Observer

Petaling Jaya, Malaysia

#15 Mar 16, 2010
Q&A on Tibet
Elisabeth Martens interviewed in "Le Courrier"
by Bénito Perez / April 4th, 2008

BP: Isn’t this an expression of real discontent?

EM: Yes, of course. What I’ve been describing so far is the “OUTSIDE” INSTIGATORS of the riots. But it’s obvious that if there weren’t a “suitable situation” on the ground, the instigators couldn’t instigate anything. As I said, the internal reasons are ESSENTIALLY ECONOMIC, and therefore SOCIAL.

First, we must remember that MASS EDUCATION in Tibet DIDN'T BEGIN until the 60s, which explains why Tibet is BEHIND THE REST OF THE country.

What this means is that the first university students or advanced technicians in Tibet did not start working until the 80s, about 10 years later than the Han Chinese (and 10 years in China is like 100 years for us!).
This is a disadvantage that they still have not made up.

This disadvantage at the level of training, as well as in the type of work offered to each group, explains why all the “IMPORTANT” POSITIONS are held by the Chinese.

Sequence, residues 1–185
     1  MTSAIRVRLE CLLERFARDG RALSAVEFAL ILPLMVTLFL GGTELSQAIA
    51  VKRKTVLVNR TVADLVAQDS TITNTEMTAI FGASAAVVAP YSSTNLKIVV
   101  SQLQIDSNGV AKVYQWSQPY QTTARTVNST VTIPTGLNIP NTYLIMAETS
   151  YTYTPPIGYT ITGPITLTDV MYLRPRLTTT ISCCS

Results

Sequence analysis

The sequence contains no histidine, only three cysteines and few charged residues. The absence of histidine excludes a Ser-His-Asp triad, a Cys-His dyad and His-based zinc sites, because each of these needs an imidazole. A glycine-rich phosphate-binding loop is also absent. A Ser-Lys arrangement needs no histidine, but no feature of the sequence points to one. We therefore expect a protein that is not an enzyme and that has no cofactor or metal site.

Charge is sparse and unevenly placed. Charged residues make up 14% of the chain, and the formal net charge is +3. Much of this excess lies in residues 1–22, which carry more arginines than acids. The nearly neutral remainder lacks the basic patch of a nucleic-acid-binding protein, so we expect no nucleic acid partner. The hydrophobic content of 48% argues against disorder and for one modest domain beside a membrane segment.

Besides this first problem, which is real, difficult to resolve, and the source of “ethnic” conflict, there is also the disadvantage, well recognized in China, of the country folk compared to the inhabitants of the large urban centers. If many Tibetans have benefited from the economic advances China has made, many others have been left behind in economic stagnation. This fact does not just impact Tibet, but effects the whole of China: the inequalities are becoming more and more glaring between the more fortunate (or even those of average fortune) and the more unfortunate. What is without doubt is that very few Chinese living in Tibet are unemployed—if they come to Tibet, it’s because they know there is a job waiting for them, if not they would go elsewhere—, while there are many young Tibetans would are without jobs.